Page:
The UK's Guardian newspaper, of Edward Snowden leaks fame, just published a good overview of the world's recent financial missteps titled The world economic order is collapsing and this time there seems no way out.
The heart of the economic disorder is a world financial system that has gone rogue. Global banks now make profits to a extraordinary degree from doing business with each other. As a result, banking's power to create money out of nothing has been taken to a whole new level.
The emergence of a global banking system means central banks are much less able to monitor and control what is going on. And because few countries now limit capital flows, in part because they want access to potential credit, cash generated out of nothing can be lent in countries where the economic prospects look superficially good. This provokes floods of credit, rather like the movements of refugees.
The false boom that follows seems to justify the lending. Property prices rise. Companies and households grow overconfident about their prospects and borrow freely. Economies surge well above their trend growth rates and all seems well until something - a collapse in property or commodity prices - unravels the whole process. The money floods out as quickly as it flooded in, leaving bust banks and governments desperately picking up the pieces.
The result, says the Guardian, is a crisis in three acts. Act one was the 2008 bursting of the housing/derivatives bubble that nearly wiped out the global banking system. Act two was the 2011 euro crisis in which the idea that Greek, Italian and Spanish bonds were equivalent to German paper was abruptly discredited, again nearly wiping out the big banks.
Act three, now in progress, is the bursting of the emerging markets bubble, led by China (great stat: "China manufactured more cement from 2010-13 than the US had produced over the entire 20th century.")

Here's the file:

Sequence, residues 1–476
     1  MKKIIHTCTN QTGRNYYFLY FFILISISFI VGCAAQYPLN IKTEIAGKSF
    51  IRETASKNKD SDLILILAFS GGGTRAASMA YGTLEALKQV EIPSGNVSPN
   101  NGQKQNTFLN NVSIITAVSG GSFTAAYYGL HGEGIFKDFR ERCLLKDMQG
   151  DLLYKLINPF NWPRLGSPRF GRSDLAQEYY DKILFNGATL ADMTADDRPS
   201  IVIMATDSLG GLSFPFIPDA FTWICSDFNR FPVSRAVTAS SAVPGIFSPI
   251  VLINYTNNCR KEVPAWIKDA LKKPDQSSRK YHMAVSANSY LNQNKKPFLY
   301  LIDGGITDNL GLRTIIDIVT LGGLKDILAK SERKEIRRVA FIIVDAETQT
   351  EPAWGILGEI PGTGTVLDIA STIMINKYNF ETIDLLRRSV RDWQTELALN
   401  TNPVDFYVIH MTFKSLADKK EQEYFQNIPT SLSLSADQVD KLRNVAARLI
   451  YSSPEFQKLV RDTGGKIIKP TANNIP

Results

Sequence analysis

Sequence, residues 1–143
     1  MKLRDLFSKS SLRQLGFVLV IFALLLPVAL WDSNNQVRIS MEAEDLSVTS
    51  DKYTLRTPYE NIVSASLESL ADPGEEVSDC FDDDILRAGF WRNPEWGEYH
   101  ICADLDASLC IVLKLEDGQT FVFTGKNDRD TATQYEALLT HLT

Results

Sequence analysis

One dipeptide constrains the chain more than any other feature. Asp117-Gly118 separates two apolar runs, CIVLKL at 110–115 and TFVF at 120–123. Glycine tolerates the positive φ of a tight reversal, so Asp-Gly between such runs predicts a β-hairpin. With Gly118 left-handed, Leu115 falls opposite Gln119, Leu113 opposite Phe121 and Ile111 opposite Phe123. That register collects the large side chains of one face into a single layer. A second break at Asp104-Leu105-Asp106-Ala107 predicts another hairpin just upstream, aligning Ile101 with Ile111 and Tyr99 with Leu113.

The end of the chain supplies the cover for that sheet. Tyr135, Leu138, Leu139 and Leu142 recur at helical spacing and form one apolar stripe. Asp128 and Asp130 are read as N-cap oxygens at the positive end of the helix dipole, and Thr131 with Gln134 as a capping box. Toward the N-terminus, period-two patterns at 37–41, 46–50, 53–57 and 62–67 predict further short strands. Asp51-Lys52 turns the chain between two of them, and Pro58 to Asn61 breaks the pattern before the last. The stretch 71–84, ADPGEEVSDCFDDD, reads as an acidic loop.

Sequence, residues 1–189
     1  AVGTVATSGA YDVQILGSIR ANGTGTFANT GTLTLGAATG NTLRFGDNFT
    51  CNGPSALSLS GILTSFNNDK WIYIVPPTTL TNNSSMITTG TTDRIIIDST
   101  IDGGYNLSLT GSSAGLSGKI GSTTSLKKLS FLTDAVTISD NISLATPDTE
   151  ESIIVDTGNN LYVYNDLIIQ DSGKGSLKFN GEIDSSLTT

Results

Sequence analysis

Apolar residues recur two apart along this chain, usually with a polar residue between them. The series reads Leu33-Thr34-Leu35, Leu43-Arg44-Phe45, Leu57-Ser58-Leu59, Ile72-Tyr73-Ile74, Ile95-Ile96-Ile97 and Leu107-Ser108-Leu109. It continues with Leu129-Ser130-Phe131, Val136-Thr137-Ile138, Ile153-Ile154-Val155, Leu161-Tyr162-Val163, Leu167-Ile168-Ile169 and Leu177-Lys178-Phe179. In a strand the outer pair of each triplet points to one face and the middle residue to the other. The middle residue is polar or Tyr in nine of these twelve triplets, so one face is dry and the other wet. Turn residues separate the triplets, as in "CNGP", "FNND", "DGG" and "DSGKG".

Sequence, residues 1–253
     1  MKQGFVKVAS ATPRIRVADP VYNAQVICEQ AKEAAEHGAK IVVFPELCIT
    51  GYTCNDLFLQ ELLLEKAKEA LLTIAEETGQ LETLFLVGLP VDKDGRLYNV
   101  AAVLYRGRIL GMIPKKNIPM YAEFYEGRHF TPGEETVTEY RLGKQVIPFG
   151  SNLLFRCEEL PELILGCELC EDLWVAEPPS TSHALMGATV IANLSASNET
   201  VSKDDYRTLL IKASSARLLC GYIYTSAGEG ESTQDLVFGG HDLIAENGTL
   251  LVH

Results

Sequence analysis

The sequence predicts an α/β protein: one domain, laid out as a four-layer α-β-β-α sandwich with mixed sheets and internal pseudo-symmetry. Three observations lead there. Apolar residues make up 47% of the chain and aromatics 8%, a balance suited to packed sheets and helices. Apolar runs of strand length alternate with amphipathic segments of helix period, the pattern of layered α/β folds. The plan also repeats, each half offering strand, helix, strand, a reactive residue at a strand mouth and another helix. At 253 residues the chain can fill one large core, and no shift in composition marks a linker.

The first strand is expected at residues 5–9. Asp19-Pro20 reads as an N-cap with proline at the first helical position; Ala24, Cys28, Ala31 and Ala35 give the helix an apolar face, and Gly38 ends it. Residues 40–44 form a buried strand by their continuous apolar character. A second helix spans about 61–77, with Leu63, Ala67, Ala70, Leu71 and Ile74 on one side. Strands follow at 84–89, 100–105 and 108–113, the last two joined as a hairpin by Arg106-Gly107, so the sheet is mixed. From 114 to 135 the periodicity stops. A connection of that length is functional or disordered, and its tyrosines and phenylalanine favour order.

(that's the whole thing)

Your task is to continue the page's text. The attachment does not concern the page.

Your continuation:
China's banks are, in effect, bust: few of the vast loans they have made can ever be repaid, so they cannot now lend at the rate needed to sustain China's once super-high but illusory growth rates. China's real growth is now below that of the Mao years: the economic crisis will spawn a crisis of legitimacy for the deeply corrupt communist party. Commodity prices have crashed.
Money is flooding out of the EMEs, leaving overborrowed companies, indebted households and stricken banks, but EMEs do not have institutions such as the Federal Reserve or European Central Bank to knock up rescue packages. Yet these nations now account for more than half of global GDP. Small wonder the IMF is worried.
So far so good. But then the Guardian ruins its perceptive analysis by proposing more of the same:
The world needs inventive responses. It needs a bigger, reinvigorated IMF whose constitution should reflect the global balance of economic power and that can rescue the EMEs... It needs western governments to launch massive economic stimuli, centred on infrastructure spending. It needs new smart monetary policies that allow negative interest rates.
This isn't surprising but it is instructive because it represents the thought process at work in the upper echelons of virtually all the major economies: What we've tried has failed, but the fault is with the execution rather than the concept. We didn't go big enough. We didn't borrow enough money, we didn't build enough roads and bridges, we didn't push interest rates down far enough. So let's hit the emerging market crisis with everything: bigger multinational institutions making vastly larger development loans, rich-world governments ramping up spending and paying for it with borrowed money, and central banks pushing interest rates down to negative mid-single digits.
For those who view this as the financial equivalent of a junkie doubling the dose of heroin to ensure a permanent high, the question isn't whether some mutant strain of easy money will save us, but what dosage will turn out to be fatal. And of course which asset classes will benefit from the intervening high.
At the risk of sounding like a broken record, the negative interest rate/high debt/rapid money growth world envisioned by the Guardian looks like a precious metals paradise.